The Head Of The Catalan Parliament, Roger Torren, Was Tracked Through A Hacked Mobile Phone
The President of the Spanish Catalan Parliament, Roger Torren, was the victim of surveillance using a program that gained access to his mobile phone, according to the newspaper El País, citing a joint investigation with the British publication The Guardian.
According to their information, the speaker of the house's iPhone was attacked using the Pegasus program, which was developed by an Israeli company. The program is only sold to governments or security forces to fight crime and terrorism. The phone of Torren, the second most important representative of power in Catalonia after the head of government Kim Torra, was attacked in 2019.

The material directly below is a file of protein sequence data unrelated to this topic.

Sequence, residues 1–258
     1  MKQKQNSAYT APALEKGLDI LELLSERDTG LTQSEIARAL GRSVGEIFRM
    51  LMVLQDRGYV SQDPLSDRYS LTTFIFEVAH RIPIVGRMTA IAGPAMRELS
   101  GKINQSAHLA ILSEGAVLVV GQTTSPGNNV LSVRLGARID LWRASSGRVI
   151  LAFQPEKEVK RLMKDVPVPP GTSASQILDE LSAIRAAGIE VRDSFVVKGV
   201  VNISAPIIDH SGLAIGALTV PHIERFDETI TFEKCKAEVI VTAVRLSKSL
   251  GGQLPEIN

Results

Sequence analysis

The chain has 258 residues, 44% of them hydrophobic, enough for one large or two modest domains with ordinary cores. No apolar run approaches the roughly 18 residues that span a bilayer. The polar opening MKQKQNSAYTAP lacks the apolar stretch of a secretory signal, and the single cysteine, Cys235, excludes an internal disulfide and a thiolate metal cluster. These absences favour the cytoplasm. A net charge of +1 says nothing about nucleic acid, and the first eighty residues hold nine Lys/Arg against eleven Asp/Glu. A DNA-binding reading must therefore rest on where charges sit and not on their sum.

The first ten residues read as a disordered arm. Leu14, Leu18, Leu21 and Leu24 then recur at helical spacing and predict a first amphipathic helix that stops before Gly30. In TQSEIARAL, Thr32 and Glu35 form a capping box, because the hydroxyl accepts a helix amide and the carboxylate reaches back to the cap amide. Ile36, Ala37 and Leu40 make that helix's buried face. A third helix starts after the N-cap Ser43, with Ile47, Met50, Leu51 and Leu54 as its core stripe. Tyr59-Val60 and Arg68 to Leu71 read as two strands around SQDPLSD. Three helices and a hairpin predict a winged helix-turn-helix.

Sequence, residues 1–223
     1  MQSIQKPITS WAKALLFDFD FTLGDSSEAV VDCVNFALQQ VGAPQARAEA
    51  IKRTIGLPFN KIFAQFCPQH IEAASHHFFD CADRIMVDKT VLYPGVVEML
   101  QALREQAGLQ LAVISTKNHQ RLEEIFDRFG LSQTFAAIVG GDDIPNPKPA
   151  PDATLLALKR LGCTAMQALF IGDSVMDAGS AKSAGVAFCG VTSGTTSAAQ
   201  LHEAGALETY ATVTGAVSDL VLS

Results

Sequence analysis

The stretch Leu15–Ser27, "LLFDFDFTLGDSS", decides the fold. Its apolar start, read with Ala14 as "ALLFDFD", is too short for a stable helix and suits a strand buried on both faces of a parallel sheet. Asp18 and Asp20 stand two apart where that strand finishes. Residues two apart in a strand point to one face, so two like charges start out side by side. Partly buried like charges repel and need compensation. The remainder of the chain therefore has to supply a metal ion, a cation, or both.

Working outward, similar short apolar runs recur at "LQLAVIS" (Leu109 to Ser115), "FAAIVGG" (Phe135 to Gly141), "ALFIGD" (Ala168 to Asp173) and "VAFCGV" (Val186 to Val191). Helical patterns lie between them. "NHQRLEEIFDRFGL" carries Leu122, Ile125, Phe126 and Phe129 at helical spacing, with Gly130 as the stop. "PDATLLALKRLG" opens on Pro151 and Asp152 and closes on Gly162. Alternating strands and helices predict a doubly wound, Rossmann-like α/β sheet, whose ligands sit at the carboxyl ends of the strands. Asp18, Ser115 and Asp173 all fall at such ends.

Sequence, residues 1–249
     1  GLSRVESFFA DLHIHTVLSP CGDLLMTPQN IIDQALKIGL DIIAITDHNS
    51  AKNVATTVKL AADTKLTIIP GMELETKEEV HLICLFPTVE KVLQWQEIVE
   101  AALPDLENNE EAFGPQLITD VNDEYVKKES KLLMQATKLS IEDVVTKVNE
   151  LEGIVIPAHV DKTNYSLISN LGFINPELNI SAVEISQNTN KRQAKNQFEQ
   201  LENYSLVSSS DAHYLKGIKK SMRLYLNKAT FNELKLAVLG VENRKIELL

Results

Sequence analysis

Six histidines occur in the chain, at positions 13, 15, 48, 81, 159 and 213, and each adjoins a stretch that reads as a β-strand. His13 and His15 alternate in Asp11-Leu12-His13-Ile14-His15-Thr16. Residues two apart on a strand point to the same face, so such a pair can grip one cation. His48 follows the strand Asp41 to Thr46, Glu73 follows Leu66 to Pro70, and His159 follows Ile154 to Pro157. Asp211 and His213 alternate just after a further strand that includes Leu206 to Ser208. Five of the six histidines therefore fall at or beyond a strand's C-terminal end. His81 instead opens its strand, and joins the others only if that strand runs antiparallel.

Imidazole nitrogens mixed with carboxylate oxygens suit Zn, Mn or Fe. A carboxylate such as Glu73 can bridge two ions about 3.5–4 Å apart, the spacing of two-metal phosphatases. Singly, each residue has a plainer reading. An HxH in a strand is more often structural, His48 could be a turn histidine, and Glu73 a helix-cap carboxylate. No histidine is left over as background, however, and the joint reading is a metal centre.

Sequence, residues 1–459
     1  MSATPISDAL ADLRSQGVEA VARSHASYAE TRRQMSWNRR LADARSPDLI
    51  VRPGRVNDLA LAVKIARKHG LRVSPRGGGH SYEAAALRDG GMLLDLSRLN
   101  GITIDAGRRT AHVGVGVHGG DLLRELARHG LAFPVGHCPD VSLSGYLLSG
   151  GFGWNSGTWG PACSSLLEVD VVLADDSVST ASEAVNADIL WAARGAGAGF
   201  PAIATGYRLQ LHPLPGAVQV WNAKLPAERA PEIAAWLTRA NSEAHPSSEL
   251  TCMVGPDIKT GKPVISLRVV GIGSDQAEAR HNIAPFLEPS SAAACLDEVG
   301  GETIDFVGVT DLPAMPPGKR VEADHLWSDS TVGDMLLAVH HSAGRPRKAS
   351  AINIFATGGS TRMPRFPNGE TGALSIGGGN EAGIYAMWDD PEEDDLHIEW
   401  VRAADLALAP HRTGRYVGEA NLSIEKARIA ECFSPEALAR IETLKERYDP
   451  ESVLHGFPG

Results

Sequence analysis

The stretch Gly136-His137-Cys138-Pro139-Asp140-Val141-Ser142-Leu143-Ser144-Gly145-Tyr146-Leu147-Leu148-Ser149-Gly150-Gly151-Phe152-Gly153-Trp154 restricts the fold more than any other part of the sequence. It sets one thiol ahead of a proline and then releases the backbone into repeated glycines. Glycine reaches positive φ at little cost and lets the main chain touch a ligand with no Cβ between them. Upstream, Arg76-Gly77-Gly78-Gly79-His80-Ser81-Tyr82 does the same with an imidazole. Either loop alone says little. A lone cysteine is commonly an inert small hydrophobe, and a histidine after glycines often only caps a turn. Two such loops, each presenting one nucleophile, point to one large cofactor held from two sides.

This program allows you to listen to conversations, read messages, access your hard drive, take screenshots, see your browsing history, and remotely activate your device's camera and microphone. According to El País, although it is impossible to determine who is behind the surveillance, the creators of Pegasus assure that "they sell their products only to governments." During the surveillance, Torren, who is a supporter of Catalonia's secession from Spain, took part in dozens of working meetings, and also testified as a witness in the trial of the illegal 2017 independence referendum.
The government of the Pyrenean Kingdom assures that "they do not know that the President of the Catalan Parliament, Roger Torren, was the victim of hacking." A representative of the national intelligence center of Spain said that the Agency "always acts in full compliance with the law and absolute respect for the current law."